“Mali is almost like Chad — it’s nearly the same environment,” said Gen. Mahamat Déby Itno, the son of Chad’s president and the second in command of the Chadian forces in Mali. “We have the Tibesti [Mountains] in Chad — the Soldiers are hardened to it. They’re trained for any terrain — the desert, the mountains, the forest. It doesn’t make a big difference to us.”
By January 25, the Chadian intervention forces, known as the Forces armées tchadiennes d’intervention au Mali (FATIM), crossed the Malian border and headed toward Menaka, a town of squat mud-brick houses about 100 kilometers from the border.
The giant convoy advanced slowly, with contingents separated at intervals of 5 to 6 kilometers. “We sent scouts out ahead and divided into three columns,” Mery said. “Our thought was that at any time we were driving, the terrorists could come out. We didn’t want to take any risks.”
At dusk they reached Menaka and encircled the village to block all entry and exit points. The next morning, the Chadian officers went in to meet the village elders. They found that the previous occupiers, the extremist group the Movement for Oneness and Jihad in West Africa (MUJAO), had fled but left behind evidence of a three-month reign. There were black flags hanging from walls and crude paintings of swords on the village gates. Schools and market stalls were locked shut.
At the sight of the incoming Soldiers, excited children climbed onto roofs cheering and began ripping up the black flags. “They cried out for liberty,” said Gen. Oumar Bikimo, the commander of FATIM who had more than 30 years of experience under his belt and had commanded a multinational peacekeeping force in the Central African Republic. “It was, for them, a renaissance, if you will.”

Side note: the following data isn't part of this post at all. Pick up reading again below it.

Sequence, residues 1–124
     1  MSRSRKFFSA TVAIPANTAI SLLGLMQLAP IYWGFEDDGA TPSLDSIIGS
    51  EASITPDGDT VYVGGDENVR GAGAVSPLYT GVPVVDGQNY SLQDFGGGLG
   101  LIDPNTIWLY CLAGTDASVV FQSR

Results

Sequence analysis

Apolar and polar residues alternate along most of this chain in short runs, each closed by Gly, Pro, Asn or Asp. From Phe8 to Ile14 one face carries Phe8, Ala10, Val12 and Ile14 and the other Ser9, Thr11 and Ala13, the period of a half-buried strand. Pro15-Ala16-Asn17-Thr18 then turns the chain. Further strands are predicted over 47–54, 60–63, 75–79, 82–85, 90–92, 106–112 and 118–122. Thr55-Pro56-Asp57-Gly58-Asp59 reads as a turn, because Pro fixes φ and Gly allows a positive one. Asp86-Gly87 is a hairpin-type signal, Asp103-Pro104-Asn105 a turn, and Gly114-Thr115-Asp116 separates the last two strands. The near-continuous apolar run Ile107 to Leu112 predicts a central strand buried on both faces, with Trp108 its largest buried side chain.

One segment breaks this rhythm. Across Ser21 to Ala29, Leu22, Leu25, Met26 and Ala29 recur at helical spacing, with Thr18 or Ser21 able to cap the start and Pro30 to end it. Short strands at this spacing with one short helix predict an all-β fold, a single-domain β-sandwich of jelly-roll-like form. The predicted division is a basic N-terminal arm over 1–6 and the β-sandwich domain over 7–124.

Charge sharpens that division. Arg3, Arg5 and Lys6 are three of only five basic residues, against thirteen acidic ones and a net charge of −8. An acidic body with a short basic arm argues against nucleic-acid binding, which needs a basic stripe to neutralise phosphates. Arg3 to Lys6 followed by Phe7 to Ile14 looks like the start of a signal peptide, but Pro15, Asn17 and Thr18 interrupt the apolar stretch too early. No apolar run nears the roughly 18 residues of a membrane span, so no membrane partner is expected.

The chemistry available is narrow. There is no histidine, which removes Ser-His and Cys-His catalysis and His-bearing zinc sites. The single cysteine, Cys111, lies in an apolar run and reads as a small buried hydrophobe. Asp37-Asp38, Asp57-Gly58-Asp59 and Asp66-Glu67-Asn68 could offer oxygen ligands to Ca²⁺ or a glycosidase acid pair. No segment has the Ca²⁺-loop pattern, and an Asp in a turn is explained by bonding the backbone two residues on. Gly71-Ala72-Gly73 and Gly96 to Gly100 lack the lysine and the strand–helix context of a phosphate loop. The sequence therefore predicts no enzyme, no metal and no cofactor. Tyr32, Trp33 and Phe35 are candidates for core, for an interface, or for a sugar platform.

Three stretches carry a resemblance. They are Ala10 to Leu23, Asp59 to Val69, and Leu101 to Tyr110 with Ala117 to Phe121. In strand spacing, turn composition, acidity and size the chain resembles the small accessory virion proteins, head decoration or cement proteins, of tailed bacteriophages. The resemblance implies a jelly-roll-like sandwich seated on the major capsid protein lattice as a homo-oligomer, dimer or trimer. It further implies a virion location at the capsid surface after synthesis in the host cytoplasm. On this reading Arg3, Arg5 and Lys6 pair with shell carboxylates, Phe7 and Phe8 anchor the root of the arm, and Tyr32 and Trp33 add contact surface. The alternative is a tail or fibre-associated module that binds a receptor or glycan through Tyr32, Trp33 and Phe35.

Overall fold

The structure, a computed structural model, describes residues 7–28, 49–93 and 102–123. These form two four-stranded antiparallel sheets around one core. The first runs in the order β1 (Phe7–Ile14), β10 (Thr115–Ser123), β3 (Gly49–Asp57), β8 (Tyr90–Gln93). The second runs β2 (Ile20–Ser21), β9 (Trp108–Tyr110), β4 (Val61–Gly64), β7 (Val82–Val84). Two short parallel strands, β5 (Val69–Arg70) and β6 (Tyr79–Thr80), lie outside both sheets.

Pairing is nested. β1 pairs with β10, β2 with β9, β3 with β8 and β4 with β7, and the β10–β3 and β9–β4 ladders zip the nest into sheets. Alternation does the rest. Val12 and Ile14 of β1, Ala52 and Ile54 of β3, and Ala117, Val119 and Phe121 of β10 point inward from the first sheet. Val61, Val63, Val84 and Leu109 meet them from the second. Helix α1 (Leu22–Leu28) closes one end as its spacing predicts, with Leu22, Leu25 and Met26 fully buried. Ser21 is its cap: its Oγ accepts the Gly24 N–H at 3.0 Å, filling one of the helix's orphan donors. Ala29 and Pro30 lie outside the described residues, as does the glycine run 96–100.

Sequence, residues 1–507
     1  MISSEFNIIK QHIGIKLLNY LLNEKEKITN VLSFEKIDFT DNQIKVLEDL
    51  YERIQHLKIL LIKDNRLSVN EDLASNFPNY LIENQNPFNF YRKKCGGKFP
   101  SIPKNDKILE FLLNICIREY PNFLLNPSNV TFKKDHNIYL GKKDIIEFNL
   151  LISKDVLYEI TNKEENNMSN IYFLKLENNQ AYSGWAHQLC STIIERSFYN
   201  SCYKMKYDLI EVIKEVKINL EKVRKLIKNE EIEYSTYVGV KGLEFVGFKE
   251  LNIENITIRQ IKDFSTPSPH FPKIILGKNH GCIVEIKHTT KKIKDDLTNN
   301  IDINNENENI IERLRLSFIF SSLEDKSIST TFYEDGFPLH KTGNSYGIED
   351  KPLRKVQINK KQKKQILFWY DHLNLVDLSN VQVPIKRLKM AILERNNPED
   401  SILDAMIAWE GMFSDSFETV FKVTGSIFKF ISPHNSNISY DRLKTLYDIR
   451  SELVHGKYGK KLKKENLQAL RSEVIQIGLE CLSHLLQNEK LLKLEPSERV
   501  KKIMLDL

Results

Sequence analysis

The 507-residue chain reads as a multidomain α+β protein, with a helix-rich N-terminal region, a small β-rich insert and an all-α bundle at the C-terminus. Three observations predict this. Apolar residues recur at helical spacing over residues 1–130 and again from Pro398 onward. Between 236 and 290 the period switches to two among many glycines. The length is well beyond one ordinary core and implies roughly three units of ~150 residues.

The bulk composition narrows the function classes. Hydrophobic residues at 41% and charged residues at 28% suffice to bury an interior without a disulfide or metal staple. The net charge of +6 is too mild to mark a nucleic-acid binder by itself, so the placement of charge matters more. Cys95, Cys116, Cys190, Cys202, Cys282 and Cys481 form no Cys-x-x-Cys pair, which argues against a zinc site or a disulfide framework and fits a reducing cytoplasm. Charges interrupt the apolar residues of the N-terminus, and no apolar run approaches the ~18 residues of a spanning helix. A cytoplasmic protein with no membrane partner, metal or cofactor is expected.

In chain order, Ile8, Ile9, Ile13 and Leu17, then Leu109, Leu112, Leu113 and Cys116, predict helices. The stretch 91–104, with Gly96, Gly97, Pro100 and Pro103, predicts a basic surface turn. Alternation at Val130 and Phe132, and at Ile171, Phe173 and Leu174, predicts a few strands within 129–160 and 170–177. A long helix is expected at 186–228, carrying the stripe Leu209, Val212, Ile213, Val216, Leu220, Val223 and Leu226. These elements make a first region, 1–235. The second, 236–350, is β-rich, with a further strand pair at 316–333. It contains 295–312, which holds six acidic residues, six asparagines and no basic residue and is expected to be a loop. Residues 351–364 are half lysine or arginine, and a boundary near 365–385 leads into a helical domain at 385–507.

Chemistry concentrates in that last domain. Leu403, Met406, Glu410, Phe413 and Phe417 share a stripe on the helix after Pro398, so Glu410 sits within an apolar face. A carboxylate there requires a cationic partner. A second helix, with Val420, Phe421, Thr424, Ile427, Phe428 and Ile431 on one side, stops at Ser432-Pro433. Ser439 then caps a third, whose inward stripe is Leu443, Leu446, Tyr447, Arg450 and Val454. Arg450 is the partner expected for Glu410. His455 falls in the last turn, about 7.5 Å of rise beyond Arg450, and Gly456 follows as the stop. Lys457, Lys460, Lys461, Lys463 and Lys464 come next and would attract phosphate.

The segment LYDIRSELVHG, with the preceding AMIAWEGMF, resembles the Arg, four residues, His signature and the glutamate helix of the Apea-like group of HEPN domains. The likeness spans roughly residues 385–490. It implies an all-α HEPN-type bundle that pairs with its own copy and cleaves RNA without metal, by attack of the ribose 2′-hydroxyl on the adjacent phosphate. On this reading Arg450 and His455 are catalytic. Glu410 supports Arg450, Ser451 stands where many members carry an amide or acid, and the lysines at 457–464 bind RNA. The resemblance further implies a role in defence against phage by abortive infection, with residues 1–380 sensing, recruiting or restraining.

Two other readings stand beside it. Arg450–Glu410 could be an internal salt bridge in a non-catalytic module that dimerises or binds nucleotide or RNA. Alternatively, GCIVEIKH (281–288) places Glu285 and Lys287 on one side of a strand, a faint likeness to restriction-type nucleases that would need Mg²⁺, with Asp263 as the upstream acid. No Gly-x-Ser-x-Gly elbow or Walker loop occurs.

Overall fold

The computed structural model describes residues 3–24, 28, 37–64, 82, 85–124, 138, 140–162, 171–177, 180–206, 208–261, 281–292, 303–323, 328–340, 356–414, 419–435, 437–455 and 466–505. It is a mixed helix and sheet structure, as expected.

A delegation of village elders gathered under a patch of acacia trees and offered a herd of goats to feed the visiting Soldiers. Under the hardship conditions, the gift was worth more than 1 million Central African francs. “They said, ‘We will have a feast,’ ” Mery said. “I said, ‘No, we are too numerous, and we have our own food. We are here to help you, not you for us.’ ”
Villagers recounted that under MUJAO control they were not able to smoke cigarettes, chew tobacco or even eat kola nuts. The small community radio station, Radio Aadar, had been forced to cease playing music and switch to sermons. Men were made to grow their beards, and women caught speaking to a man in public risked being whipped.
“Right now, we’re trying to re-establish the social life,” a village elder said. “The population was really traumatized. They were also restricted of certain rights. Today you can see the rights have returned. If you listen to the radio, if you see the youngsters walking in the street with their mobile phones, that tells you that liberty has returned.”
The reception told the Chadian forces that their enemy had made a tactical retreat. Mery, Bikimo, Mahamat Déby and the rest of the Chadian commanders knew that they had to push farther north where fighters would be waiting for them.
The next day, the FATIM forces set off toward rebel strongholds in the mountainous region bordering Algeria, a distance of 3,000 kilometers from their starting point. There was no direct road leading from Menaka to Kidal, the regional capital in northeast Mali, so the convoy traveled over sand and through brush despite the danger of ambush. GPS coverage was spotty in the area, and the heavily laden trucks, typically hauling 250-liter barrels of water or fuel, food, bedding, weapons and up to 10 men, sometimes became stuck in the sand.